Junctional epithelium

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Editor-In-Chief: C. Michael Gibson, M.S., M.D. [1]


Overview

The gingival sulcus (G) is bounded by the enamel of the crown (A) of the tooth and the sulcular epithelium. Immediately apical to the base of the pocket, and coronal to the most coronal of the gingival fibers (H) is the junctional epithelium.

The junctional epithelium is that epithelium which lies at, and in health also defines, the base of the gingival sulcus. It attaches to the surface of the tooth with hemidesmosomes and is, on average, roughly 1 mm in width, constituting about one half of the biologic width.[1]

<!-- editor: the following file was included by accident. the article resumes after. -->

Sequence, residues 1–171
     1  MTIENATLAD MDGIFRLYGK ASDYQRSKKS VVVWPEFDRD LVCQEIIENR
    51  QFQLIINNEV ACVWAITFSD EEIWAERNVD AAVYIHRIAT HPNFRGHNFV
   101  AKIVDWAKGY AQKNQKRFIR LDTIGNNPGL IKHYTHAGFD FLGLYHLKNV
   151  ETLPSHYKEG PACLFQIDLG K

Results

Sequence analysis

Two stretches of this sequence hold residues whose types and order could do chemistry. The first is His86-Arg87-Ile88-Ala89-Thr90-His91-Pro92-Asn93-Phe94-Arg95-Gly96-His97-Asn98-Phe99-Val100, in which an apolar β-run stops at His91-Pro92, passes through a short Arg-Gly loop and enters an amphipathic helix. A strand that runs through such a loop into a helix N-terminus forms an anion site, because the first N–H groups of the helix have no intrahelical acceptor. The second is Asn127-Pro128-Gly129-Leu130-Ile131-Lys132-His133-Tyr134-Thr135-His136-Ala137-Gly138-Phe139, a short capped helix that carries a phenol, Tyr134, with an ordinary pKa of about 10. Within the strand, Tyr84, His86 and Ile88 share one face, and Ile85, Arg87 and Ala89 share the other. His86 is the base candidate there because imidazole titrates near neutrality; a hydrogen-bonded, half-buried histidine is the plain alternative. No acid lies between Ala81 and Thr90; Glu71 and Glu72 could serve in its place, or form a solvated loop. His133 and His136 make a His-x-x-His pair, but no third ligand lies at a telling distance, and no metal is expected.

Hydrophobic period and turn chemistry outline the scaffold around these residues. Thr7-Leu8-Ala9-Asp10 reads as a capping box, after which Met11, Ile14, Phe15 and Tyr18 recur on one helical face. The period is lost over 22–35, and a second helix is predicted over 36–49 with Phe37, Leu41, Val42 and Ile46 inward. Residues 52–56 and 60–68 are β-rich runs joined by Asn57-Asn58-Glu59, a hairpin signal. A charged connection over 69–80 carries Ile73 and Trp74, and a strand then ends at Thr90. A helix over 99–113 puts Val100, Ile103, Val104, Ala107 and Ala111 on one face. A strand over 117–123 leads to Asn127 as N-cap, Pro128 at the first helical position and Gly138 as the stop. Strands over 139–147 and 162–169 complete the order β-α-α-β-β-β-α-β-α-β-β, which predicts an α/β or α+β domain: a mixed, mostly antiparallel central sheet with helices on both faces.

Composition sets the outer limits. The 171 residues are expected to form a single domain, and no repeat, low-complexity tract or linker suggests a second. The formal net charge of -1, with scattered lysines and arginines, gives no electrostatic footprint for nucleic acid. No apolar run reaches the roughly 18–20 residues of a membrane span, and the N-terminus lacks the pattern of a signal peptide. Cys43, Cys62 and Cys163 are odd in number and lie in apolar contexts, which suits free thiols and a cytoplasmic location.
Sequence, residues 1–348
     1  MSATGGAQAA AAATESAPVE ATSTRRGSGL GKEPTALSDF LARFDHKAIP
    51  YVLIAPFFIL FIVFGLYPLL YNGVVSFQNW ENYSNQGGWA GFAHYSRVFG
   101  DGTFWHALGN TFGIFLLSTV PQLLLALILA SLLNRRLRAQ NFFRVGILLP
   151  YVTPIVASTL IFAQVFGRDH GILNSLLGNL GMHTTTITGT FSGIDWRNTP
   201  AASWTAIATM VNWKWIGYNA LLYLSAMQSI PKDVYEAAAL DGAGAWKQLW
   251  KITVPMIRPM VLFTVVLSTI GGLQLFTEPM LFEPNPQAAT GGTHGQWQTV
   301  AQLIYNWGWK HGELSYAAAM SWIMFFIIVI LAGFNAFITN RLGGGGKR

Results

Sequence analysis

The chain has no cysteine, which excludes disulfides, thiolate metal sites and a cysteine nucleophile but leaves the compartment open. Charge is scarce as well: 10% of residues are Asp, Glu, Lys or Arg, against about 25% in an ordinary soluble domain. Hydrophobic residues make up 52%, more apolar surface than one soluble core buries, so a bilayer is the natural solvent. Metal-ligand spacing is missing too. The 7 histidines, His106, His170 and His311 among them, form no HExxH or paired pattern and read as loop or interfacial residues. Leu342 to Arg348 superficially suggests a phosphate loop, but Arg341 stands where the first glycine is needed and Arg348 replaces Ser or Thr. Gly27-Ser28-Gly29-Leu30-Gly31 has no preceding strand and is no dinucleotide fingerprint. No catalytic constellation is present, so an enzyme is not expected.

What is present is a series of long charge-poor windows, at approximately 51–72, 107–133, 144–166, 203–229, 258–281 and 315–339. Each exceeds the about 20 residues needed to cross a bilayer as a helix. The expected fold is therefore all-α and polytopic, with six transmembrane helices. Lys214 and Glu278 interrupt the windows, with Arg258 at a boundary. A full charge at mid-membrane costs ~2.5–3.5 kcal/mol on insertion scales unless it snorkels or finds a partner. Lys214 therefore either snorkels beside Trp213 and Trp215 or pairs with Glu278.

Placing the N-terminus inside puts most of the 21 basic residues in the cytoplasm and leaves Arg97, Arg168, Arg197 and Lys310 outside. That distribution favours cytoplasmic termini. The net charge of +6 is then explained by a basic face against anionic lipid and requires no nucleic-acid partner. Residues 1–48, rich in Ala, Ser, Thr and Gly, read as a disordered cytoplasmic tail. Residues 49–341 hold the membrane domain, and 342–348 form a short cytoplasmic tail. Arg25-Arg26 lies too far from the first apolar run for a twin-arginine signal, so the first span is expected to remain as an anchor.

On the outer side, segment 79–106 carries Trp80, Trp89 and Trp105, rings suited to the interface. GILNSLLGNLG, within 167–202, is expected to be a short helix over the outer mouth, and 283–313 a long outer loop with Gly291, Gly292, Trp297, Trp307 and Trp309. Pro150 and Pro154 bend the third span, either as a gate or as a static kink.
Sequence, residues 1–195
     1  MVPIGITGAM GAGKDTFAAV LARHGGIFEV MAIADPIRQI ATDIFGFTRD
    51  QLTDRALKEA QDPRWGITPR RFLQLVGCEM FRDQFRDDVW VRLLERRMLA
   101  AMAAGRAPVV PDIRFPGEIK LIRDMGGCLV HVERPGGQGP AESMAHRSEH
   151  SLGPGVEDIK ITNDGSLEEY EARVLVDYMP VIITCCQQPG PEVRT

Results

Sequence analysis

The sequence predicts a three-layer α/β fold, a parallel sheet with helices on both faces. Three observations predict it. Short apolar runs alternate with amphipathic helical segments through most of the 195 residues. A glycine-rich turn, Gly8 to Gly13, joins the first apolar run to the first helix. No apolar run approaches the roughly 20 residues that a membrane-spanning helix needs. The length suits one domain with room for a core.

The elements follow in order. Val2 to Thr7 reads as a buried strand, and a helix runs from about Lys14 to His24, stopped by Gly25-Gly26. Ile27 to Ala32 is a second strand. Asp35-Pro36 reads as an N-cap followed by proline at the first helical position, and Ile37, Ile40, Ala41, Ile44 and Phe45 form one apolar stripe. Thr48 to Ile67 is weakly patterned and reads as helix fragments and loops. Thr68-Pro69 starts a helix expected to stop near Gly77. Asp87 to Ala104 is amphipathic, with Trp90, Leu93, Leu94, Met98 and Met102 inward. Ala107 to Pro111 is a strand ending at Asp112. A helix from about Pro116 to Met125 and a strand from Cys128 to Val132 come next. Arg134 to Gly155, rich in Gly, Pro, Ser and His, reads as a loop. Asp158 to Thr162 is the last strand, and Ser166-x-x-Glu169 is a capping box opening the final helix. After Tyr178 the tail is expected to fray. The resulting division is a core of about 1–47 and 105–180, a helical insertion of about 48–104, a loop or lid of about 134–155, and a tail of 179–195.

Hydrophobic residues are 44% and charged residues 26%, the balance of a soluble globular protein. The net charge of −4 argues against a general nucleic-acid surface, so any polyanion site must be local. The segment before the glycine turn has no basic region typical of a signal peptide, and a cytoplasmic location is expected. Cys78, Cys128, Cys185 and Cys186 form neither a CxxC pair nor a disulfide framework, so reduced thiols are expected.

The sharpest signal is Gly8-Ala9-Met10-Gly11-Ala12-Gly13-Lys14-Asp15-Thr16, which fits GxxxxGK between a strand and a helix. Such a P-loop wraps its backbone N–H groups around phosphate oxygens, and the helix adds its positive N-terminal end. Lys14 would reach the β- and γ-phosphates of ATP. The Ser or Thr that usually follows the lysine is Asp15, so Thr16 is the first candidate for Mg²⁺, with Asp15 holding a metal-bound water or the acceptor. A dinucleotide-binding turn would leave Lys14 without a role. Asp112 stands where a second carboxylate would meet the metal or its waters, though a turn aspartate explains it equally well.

The junctional epithelium lies immediately apical to the sulcular epithelium, which lines the gingival sulcus from the base to the free gingival margin, where it interfaces with the epithelium of the oral cavity.

Cells in the junctional epithelium tend to have wide inter-cellular spaces, to allow the transmission of white blood cells from blood vessels to bottom of the gingival sulcus, to help prevent disease. Damage to the junctional epithelium results in it being irregular in texture, rather than smooth, and the formation of "pocket" epithelium, which is a primary symptom of gum disease.

References

  1. Carranza's Clinical Periodontology, 9th Ed. W.B. Saunders, 2002, page 23.



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